Here's a big story that didn't happen: The U.S. economy did not collapse, dragging down the rest of the world. Considering all the bad news (the stock and tech bubbles, Sept. 11, corporate scandals, the Iraq war), it might have. The escape from calamity had many causes, including optimistic American consumers and the Bush tax cuts. But none mattered more than the Federal Reserve's policy of cheap credit. Alan Greenspan and others have now signaled that its days are numbered. What comes next? The fear is that everything puffed up by cheap credit (including housing prices and stocks) will go flat. The hope is that the recovery no longer needs the crutch of cheap credit.

A crutch it's clearly been. From Jan. 3, 2001, to June 25, 2003, the Fed reduced its overnight interest rate (the federal funds rate) from 6.5 percent to 1 percent -- the lowest in more than four decades. The cuts worked. In a recession, auto sales and housing construction typically suffer. Not this time. "We didn't lose the jobs in automobiles and housing that we usually lose in a recession," says economist Allan Meltzer of Carnegie Mellon University. Because automakers could borrow cheaply, they could lend cheaply (aka buyers' "incentives''). Car and light-truck sales slipped only slightly, from 17.3 million in 2000 to 16.7 million in 2003.

Housing did even better, because mortgage rates declined from an annual average of 7.5 percent in 2000 to 5.8 percent in 2003 (on 30-year fixed-rate loans). Home construction rose from 1.57 million units in 2000 to 1.85 million in 2003. Millions of homeowners also refinanced existing mortgages at lower rates. They reduced monthly payments, shortened maturities or borrowed more against rising housing values, which were pumped up by low mortgage rates. Since the end of 2000, household debt has increased a third, to $9.4 trillion. The extra cash financed home improvements and more shopping.

All this helped offset corporate cutbacks. After the economic boom, companies had surplus workers and investments -- factories, machinery, offices. To restore profits, they cut payrolls and investment spending. Cheap credit also helped this recuperative process. It enabled businesses to reduce interest costs and refinance short-term debt at favorable rates. Among large nonfinancial corporations, interest costs dropped from 20 percent of cash flow in 2001 to 14 percent in 2003, reports the Fed.

Finally, cheap credit went global. As Americans spent, U.S. imports rose. Dollars flowed abroad. When those dollars arrived elsewhere, they were often converted into local currencies by foreign central banks (the Fed's counterparts). America's easy money fostered easy money abroad, particularly in Asia. "Central banks have colluded . . . to keep the global economy afloat," says Robert Gay of Commerzbank Securities.

What's tricky is that, except for the overnight federal funds rate, the Fed doesn't control any interest rate. Banks, pension funds and others actually set market interest rates (on mortgages, business loans, bonds) based on their views of inflation and risk. When the Fed cuts the funds rate, it simply buys U.S. Treasury securities from banks and others. The cash used to pay for those securities gives banks more lending funds, which -- other things equal -- could reduce other rates. The Fed succeeded because inflationary expectations were subsiding and because the Fed itself reduced the perception of risk.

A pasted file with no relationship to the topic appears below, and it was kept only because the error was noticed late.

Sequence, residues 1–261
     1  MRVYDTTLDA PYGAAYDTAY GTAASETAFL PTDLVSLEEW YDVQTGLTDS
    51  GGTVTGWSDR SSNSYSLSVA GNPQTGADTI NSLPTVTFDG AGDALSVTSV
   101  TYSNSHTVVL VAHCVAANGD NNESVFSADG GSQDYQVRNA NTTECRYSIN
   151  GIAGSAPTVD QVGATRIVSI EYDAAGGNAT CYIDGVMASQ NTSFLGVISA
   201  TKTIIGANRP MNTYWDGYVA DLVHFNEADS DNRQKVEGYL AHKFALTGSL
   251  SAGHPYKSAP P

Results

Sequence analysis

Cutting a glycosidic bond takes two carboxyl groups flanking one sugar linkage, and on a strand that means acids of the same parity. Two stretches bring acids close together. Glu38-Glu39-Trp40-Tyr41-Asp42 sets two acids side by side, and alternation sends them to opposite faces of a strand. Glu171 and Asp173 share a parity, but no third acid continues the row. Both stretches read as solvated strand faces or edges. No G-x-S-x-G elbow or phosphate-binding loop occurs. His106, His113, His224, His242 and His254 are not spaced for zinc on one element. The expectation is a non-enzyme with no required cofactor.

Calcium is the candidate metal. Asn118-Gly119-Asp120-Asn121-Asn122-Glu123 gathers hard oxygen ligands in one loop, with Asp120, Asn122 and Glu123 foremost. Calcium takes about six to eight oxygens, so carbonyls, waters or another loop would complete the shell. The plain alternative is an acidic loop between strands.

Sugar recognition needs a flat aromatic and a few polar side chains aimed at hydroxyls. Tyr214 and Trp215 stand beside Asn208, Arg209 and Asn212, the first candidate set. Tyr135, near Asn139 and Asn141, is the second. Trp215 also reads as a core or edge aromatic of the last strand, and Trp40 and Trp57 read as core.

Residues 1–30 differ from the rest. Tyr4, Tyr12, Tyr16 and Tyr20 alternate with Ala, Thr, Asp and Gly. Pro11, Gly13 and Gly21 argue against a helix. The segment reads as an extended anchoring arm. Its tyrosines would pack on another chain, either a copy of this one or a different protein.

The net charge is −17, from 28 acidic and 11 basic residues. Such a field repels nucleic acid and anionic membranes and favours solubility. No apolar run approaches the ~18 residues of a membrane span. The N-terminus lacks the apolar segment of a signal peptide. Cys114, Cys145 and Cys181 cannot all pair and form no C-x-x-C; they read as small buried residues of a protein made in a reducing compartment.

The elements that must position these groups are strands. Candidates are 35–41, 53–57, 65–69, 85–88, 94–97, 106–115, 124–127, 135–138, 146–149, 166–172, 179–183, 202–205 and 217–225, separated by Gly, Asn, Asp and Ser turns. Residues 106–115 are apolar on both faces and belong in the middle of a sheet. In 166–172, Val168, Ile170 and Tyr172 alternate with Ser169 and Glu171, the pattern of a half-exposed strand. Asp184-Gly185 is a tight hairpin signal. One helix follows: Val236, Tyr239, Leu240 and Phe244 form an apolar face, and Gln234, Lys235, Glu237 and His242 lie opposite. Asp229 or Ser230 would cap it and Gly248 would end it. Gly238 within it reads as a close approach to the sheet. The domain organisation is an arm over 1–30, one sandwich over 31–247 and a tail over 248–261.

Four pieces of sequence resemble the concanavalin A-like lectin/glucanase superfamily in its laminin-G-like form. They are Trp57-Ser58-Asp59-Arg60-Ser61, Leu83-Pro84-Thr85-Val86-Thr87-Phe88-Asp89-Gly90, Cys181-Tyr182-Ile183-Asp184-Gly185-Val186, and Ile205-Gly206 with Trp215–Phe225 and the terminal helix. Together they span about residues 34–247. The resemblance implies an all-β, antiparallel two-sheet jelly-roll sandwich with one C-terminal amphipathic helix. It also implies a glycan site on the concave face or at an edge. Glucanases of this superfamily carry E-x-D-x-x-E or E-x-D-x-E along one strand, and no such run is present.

It influenced long-term rates by encouraging the "carry trade'': Investors borrow short-term money at low rates (say 2 percent) and lend it at higher long-term rates (say, 5 or 6 percent). A lot of that happened. From 2000 to 2003, bank lending rose about $1 trillion. Banks used cheap deposits to buy mortgages and bonds. As more money moved into these investments, their interest rates fell. But the carry trade is risky: if short-term interest rates rise, it can become unprofitable. So, last year the Fed reassured investors. The Fed funds rate would stay low for "a considerable period," it said. The Fed shaped "expectations of long-term bond investors in a very creative way," notes Mark Zandi of Economy.com.

Unfortunately, cheap credit cannot last indefinitely, because, once the economy improves, it will rekindle inflation: too much money chasing too few goods. Worsening inflationary psychology will push up market interest rates. With better job growth, Greenspan and the Fed have reached this juncture. The Fed has withdrawn its "considerable period" pledge and indicated that the Fed funds rate will soon rise from 1 percent. Market interest rates have already increased, because views of inflation and risk have deteriorated. In mid-March, the rate on a 30-year fixed mortgage was 5.4 percent; now it's above 6 percent.

What's unknown is the economy's ability to withstand higher rates. One favorable sign: about 80 percent of household debt (mainly mortgages) is at fixed interest rates, estimates the Fed. Most borrowers won't be hit with higher monthly payments. Another good sign: Corporate America has experienced a shakeout. The survivors have restored profitability and captured sales from weaker competitors; they're expanding. But dangers lurk. Higher interest rates could lure money from stocks. Tighter credit could spread abroad. Higher interest rates could hurt auto sales, home construction and real estate values. Borrowing against higher housing prices will drop. In 2003 household debt was already 113 percent of disposable income; in 2000 it was only 97 percent. Overborrowed consumers could become more cautious.

For Greenspan, this may be his last hurrah; by law, his Fed appointment ends in early 2006. The Fed needs to raise rates fast enough to prevent market rates from taking off -- and slowly enough not to choke the recovery. It's a delicate maneuver. By pulling it off, Greenspan would ensure his reputation.